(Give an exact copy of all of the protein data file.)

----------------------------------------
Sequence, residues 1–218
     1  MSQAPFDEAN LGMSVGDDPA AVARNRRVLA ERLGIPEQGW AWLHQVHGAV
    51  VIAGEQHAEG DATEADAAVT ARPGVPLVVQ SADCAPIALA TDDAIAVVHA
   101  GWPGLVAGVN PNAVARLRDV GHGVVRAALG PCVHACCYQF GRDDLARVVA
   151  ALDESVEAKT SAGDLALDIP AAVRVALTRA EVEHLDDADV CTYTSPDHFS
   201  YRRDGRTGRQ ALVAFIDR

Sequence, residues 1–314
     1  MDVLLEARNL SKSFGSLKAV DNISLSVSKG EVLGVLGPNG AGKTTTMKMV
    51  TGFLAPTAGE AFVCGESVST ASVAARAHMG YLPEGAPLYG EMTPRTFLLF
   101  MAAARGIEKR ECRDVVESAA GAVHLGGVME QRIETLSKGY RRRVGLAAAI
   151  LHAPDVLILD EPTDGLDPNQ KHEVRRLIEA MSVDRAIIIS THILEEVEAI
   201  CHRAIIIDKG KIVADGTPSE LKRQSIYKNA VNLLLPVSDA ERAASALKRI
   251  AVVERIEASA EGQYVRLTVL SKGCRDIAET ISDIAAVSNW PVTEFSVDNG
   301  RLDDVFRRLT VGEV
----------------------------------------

Sequence, residues 1–218
     1  MSQAPFDEAN LGMSVGDDPA AVARNRRVLA ERLGIPEQGW AWLHQVHGAV
    51  VIAGEQHAEG DATEADAAVT ARPGVPLVVQ SADCAPIALA TDDAIAVVHA
   101  GWPGLVAGVN PNAVARLRDV GHGVVRAALG PCVHACCYQF GRDDLARVVA
   151  ALDESVEAKT SAGDLALDIP AAVRVALTRA EVEHLDDADV CTYTSPDHFS
   201  YRRDGRTGRQ ALVAFIDR

Sequence, residues 1–314
     1  MDVLLEARNL SKSFGSLKAV DNISLSVSKG EVLGVLGPNG AGKTTTMKMV
    51  TGFLAPTAGE AFVCGESVST ASVAARAHMG YLPEGAPLYG EMTPRTFLLF
   101  MAAARGIEKR ECRDVVESAA GAVHLGGVME QRIETLSKGY RRRVGLAAAI
   151  LHAPDVLILD EPTDGLDPNQ KHEVRRLIEA MSVDRAIIIS THILEEVEAI
   201  CHRAIIIDKG KIVADGTPSE LKRQSIYKNA VNLLLPVSDA ERAASALKRI
   251  AVVERIEASA EGQYVRLTVL SKGCRDIAET ISDIAAVSNW PVTEFSVDNG
   301  RLDDVFRRLT VGEV